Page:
I have made no New Year’s Resolutions because I spent the first week of January watching specials about the end of the world due to take place on Dec. 21, 2012. Since my 74th birthday also fell during this week, I would ask those of you who regularly tell me that you pray for me to keep up the good work. Ask not for me to be spared, just that I will still be around to see it happen, because for a misanthrope it’s a consummation not to be missed.
It’s too soon to tell whether the next human race that replaces us in some 60 million years will call us the Gedds or the Lypses. Their archeologists will find shards of videotape cans so marked and eventually put together “Armageddon” and “Apocalypse,” but they will have to be really high-tech to restore what I saw with a mere flick of the remote. It was Nostradamus Meets the Mayans all the way, one channel after another, each with a solemn voiceover saying, “Not if, but when.”
The History Channel did another in their Life After People series but they’ve been airing these for some time, and they’re tame compared to the new line-up. They carefully point out that they don’t claim to know why people disappeared, only that they are all gone, and then show a lot of grass and weeds growing on skyscrapers, bridges, and other engineering miracles until, untended, they eventually collapse. The underlying message is that we need people, which is why the only thing I liked about the series was its title.
Then came the New Year’s Revelations. We got a two-hour “factualized” fictional account of a family — mom, dad, and teenage son — who survive a pandemic disease that kills most but not all Americans. We follow their experiences from the initial stages of coping, on through rage, hysteria, emotional numbness, paranoia, hunger, thirst, and so on, supplemented by explanatory commentaries from doctors, sociologists, and assorted experts. Two of their experiences are real sucker punches. One is New Year’s Revulsions, when they find the toilet won’t flush and the shower goes dry, guaranteed to trigger our special American terror of smelling bad built up by decades of deodorant and air-freshener commercials. The other is New Year’s Restitutions, in which the menacing talk we have heard of late about “taking back” our communities is presented as natural, legal, and inevitable when an armed gang, the remnants of a town, shoot anybody they feel like shooting to keep out looters.
The factual fiction ends anticlimactically when the dad scratches his hand while repairing something and, lacking antibiotics, dies of an infection. There’s a way to cure that. Just switch to the Discovery Channel, where professional survivor Bear Grylls is building a raft to escape the Everglades. He, too, scratches his hand, and he, too, lacks antibiotics, so he pees on his hand because the ammonia — or something — in urine has antiseptic properties.
#page#Someone certain to scratch his hand is the star of the History Channel’s new show, Apocalypse Man. He’s trapped in a big city after a disaster has killed off most everyone else, and he can figure out a good use for every piece of rusty junk he finds. An old bicycle pump? He uses it to siphon off gasoline. Grappling hooks? He can swing from roof to roof instead of walking on streets where other survivors can attack him and take his bicycle pump. A flashlight? He advises us not to carry it down at the hip in the old civilized way, but up at the shoulder so you can slam it into the face of someone trying to take it from you.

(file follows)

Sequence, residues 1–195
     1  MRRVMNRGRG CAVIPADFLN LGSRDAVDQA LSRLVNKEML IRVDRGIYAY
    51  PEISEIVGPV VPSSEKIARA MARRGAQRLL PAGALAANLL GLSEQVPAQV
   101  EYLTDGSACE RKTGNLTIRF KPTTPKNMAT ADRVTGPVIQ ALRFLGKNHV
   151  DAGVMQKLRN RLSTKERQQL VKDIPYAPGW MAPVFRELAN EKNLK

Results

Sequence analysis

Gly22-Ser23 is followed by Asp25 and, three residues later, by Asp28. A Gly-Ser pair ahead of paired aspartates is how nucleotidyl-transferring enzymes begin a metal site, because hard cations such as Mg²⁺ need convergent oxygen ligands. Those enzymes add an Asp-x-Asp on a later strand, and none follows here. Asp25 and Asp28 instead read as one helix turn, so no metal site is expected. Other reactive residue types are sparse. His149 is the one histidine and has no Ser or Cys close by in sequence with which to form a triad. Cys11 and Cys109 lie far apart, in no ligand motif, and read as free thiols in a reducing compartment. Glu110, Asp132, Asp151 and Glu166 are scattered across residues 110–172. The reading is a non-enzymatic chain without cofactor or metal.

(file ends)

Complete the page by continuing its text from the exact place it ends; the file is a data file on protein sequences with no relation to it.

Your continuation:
What he really needs is a map of the city grids so he can travel by sewer and come up under the manhole of the street he wants. He knows just where to find it, too — and why. “You probably didn’t have a library card before,” he says, “but the public library has just what you need.” Then, in a delicious throwaway line, adds: “In Hurricane Katrina, the library was the only place that wasn’t looted.” He finds his grid map and navigates the sewers without saying a word about Jean Valjean.
Where is all this heading? Try New Year’s Remunerations. If you remember the backyard bomb shelters of the ’50s, you know “enterpernoors” are going to make a lot of money from it, just as they have from identity-theft panic. Somebody will market a flashlight with flip-up brass knuckles, or for the kids, grappling hooks. This will be a boon for parents fed up with permissiveness; if Junior gets scratched they can pee on him.
Or try New Year’s Reservations. The Titanic centennial will be ruined. By April 1912 our definition of disaster will be so engorged that a mere collision with a mere iceberg will be nothing more than a Lypse that went blip in the night, a quaint Retro-Gedd that missed the boat.
As for the election of 2012 — why bother? If real panic ensues a dictator could take power, but who? Obama seems consumed with what your average inner-city manchild calls “acting white,” but while Harry Reid might take comfort from this, a panicked populace chanting “Do something!” will yearn for the powerful specter of the Angry Black Man, if only to find some there there.
Who else? The mainstream Right is full of soothe-sayers who will try to shrug off the doomsday prediction and tamp down the panic with sideways grins and constant reassurances that “I’m a glass-is-half-full kinda guy.” The most likely candidate for president-dictator is one of the oleaginous power-preachers on the radical Right who would rather count Remnants than votes. If he could convince enough people that they will be among the Saved, he would win by the biggest landslide, as well as the lowest voter turn-out, in our history.
So here we are with 35 months to go, waiting for the other shoe to drop. If it does, it won’t really matter because we have fulfilled our New Year’s Reparations and elected our first black president. Our work is done. Now we can belong to the ages.